Even so, by now there are well-documented instances of companies with market dominance directly attributable to DM/BI effectiveness. Shareholders of companies like Amazon.com, Harrah’s and Wal-Mart would agree that DM/BI systems have delivered very tangible benefits over the past decade.
So what do you do if it is your job to write the business case for a new BI effort, with the responsibility for recommending and estimating the outcome of a major BI expenditure?
Follow this step-by-step primer for the BI advocate in a large organization as well as a suggested process that sets the stage for a BI business case, including likely tangible benefits.
Business Value Basics
We’ll start with these basic assertions:
- Intangible benefits don’t count.
- DM/BI has no inherent value.
- Senior managers often make decisions about future outcomes with insufficient data.
Intangible benefits don’t count. An effective business case communicates tangible future value in a convincing way. An argument has a chance of convincing a skeptical reader if the reader agrees that argument’s assumptions are reasonable and that the conclusion follows logically from the assumptions. Quantifying financial metrics like ROI or net present value help build the case, but such measures are credible only if readers agree with the underlying assumptions and the logic built upon them.
DM/BI has no inherent value. We in the DM/BI field believe that any organization’s fortunes would improve if it integrated data rationalized data stewardship, and applied analytics creatively. However, that view must ring true to senior business managers. Without a compelling and motivating story about how a new system contributes to revenue or reduces costs a business case stops dead in its tracks. Sometimes someone at a high level just wants BI, but organizations don’t often embark on DM/BI efforts without first evaluating tangible costs and benefits.
Senior managers make decisions about future outcomes with insufficient data. Although DM/BI practitioners must make a convincing case for future business value, there’s room for uncertainty. Executives and senior managers aren’t highly compensated for playing it safe, but rather for understanding current conditions and setting direction based on educated but sometimes courageous predictions of future conditions. A successful DM/BI business case matches or extends the executive’s knowledge of current conditions and expands his or her view of potential future outcomes of near-term actions.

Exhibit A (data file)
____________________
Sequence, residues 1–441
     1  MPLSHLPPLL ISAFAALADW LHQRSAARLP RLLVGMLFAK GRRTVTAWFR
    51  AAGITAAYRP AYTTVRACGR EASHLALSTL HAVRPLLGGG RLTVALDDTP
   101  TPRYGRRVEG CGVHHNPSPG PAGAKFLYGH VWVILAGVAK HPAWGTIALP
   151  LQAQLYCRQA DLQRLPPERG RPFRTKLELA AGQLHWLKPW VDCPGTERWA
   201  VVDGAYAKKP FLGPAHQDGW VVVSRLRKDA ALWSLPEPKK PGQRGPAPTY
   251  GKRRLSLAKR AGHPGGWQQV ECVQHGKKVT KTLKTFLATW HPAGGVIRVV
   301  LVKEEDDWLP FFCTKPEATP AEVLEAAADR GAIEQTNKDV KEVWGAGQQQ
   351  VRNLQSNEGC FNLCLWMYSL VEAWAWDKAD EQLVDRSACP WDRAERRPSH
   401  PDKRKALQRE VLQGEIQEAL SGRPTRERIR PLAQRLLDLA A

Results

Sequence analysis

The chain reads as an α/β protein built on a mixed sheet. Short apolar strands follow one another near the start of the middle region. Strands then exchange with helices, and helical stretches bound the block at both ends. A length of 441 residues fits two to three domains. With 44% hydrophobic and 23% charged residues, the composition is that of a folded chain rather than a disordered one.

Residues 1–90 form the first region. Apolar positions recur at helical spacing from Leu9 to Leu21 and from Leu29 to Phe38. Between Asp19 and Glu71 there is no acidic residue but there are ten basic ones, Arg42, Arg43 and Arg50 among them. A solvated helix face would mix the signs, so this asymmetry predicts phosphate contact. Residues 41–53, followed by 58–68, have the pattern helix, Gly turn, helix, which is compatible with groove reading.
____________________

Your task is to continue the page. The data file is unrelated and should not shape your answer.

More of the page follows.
The Value Foundation of the BI Business Case
Before starting the BI business case, the DM/BI advocate should do the homework required to ensure its success, including these essential steps:
- Know the organization’s goals and objectives.
- Identify a BI champion.
- Identify and work with BI stakeholders.
- Identify an application with tangible business value.
- Define and quantify a quick win prototype project.
Know the organization’s goals and objectives. It is human nature for any of us, including executives, to be receptive to help with our own goals and objectives but less receptive to new ideas that aren’t related to our own goals. Furthermore, senior executives facilitate intensive strategic planning processes to set the right corporate goals and objectives. A proposed DM/BI initiative should clearly and tangibly help achieve strategic objectives already in place.
Identify a BI champion. BI is in a unique position within the application stack. Most organizations can operate without a DM/BI strategy. However, most companies would greatly improve their market position with a comprehensive DM/BI solution. The impetus for deploying such a solution needs to come from a leader within the corporation who champions the value that DM/BI brings to the organization as a whole. Often, this champion is someone at the top level of the business chain of command with a solid grasp of the BI’s potential.
Identify and work with BI stakeholders. BI projects should be driven by BI stakeholders, those who will see direct effects (good or bad) from the BI project. Some stakeholders look to benefit from BI-based solutions to concrete problems. Other stakeholders will have to be convinced about the potential value of BI. Both types of stakeholder must be involved in defining and supporting the goals of a BI project.
Identify an application with tangible business value. Again, in order for the BI application to return value, it must focus on achieving business goals. These goals should be measurable so that the value of the BI application can be determined, and the application should contribute to overall organizational strategy. The next section provides ideas for identifying such a project in your organization.
Define and quantify a quick win prototype project. Businesses must quickly see the value that DM/BI brings in order for it to catch fire in the organization. A prototype project is often the best way to showcase BI’s value proposition. These projects should typically produce tangible results in a matter of weeks and target a well-defined business area. The prototype should have a well-defined goal and ROI metric, and produce data or case studies that show progress toward, if not achievement of, that goal.
Business Value Examples
The references available on DM/BI value cite many BI success stories with tangible value. Analysis of those success stories reveals that BI value tends to fall into these categories:
- Enhancing the value of existing assets,
- Improving customer or supplier value and
- Generating revenue from data assets.